Cut a popsicle stick and poke a hole into it at the end of the straight edge (5). Make sure that the wood doesn’t split. If it does, grab another popsicle stick and try again.

Attach the poked popsicle stick to the middle of one of the sides of the triangle (6). Add coffee stir sticks from the two adjacent edges of the triangle to the poked popsicle stick (7). Add two coffee stir sticks leading to the tip of the beak (8).

Cut a coffee stir stick the length of the space between the two popsicle sticks on the front panel (9). Attach a small coffee stir stick piece (one to each side) connecting the poked popsicle stick and the diagonal beak coffee sticks (10).

Create and mount the beak on RoboBrrd continued

Create the bottom half of the beak by repeating the steps above.

Place the coffee stir stick that was cut in the second-previous step through the hole in the beak (11). Check that the beak (with both halves) measures up to everything in the front panel. Glue the coffee stir stick to the two popsicle sticks on the front panel (12).

Once glued, add two small coffee stir stick pieces to each side of the beak on the coffee stir stick (13). This will help keep the beak in the middle as it is rotating.

Repeat the mounting steps for the bottom half of the beak if not done already.

Grab two popsicle sticks and poke holes at each of the ends in them (14). Attach them to the holes in the “poked hole piece” in the beak halves by using some wire (15).

Take a break, you just completed one of the most challenging parts of the RoboBrrd construction!

Add the other sides

We will need more pencils, many coffee stir sticks, and some wire or string.

Create two squares of pencils (16).

Create a mesh of coffee stir sticks on one of the squares (17). This will be used for the base of the RoboBrrd, where all the servos are mounted and all the electronics sit.

Attach the front panel to the bottom panel (18). Be sure to check that they are attached at 90 degrees as much as possible.

Attach the other square on the back panel on the opposite side of the front panel (19). Try to keep this attached at 90 degrees as much as possible too.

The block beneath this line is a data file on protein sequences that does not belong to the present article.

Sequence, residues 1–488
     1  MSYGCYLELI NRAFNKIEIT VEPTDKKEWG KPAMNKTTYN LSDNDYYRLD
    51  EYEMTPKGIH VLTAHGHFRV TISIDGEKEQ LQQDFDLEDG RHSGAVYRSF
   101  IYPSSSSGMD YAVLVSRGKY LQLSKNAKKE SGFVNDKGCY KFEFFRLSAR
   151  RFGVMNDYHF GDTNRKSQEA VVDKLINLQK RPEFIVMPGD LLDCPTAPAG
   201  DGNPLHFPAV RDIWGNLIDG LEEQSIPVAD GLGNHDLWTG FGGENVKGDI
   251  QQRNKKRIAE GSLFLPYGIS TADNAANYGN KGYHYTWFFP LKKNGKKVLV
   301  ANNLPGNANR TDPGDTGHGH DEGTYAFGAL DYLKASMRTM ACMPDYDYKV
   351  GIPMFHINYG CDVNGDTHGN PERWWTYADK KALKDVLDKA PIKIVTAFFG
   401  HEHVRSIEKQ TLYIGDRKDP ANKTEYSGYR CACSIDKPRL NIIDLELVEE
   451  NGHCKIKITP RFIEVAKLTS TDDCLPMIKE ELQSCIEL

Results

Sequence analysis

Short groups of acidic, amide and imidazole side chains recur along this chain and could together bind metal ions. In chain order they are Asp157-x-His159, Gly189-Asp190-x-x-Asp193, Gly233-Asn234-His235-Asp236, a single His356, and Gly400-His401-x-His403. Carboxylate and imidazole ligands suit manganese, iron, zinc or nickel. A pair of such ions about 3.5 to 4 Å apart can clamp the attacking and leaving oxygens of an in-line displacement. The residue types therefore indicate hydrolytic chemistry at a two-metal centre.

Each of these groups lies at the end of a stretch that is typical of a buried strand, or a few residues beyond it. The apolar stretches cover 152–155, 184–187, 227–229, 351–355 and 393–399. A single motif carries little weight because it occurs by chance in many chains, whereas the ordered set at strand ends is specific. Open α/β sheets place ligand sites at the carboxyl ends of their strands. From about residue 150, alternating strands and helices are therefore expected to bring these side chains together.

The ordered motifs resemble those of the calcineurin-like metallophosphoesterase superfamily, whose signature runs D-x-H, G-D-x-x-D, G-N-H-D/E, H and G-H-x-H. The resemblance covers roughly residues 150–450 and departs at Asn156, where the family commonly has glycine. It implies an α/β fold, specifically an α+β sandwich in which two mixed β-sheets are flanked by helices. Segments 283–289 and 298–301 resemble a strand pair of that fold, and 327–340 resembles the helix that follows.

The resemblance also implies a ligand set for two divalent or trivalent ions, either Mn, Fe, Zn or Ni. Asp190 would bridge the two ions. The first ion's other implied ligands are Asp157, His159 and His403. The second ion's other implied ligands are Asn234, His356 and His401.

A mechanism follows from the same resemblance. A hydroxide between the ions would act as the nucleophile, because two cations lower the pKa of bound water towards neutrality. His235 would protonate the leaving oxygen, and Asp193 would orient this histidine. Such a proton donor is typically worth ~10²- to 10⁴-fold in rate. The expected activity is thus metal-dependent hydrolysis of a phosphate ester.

Attach two pencils to the top of the two standing panels (20).

Add some popsicle sticks in for some support (21).

Test the electronics

We are going to take a break from the construction aspect for now, and play with some of our electronics. Testing the electronics that we are going to be using is important, as there is not much room inside of RoboBrrd once all of the electronics are there. We will need all of the electronics that we are planning to use in RoboBrrd.

Test all of the servos and ensure that they are able to be controlled. You can use the “Sweep” example in the Servo library for Arduino. We are going to create a separate power supply to the servos in a later step, we are seeing if they are able to move in this step.

Test all of the LEDs to ensure that they can light up. You can use the “Fade” example in Arduino.

If you are going to have any sensors in RoboBrrd, be sure to check them as well. You can use the “AnalogInOutSerial” example in Arduino.

Create and mount the eyes

The eyes for RoboBrrd will seem magical because they look white, but with some LEDs we can turn them to any colour we want! We will need two ping pong balls.

Poke a hole in the ping pong balls for the LED to fit into (22).

With the LEDs fit into the ping pong balls, mount them on the front panel of RoboBrrd (23). We should be able to take the LEDs out without any problems. Draw eyes on the ping pong balls (24)!

Attach long wires to the LEDs (so they can reach the back of RoboBrrd without being tight), shrink wrap each of the leads, and glue in to the ping pong ball (25).

Create & attach the wing servo mounts

The wing servo mounts are what hold RoboBrrd’s wing servos in place. They are similar to the mouth servo mount, but are a bit shorter. We will be making two of these, for the left and right wings. You’ll want to duplicate each of the steps, or when finished go back and construct the remaining side. We will need some coffee stir sticks and popsicle sticks.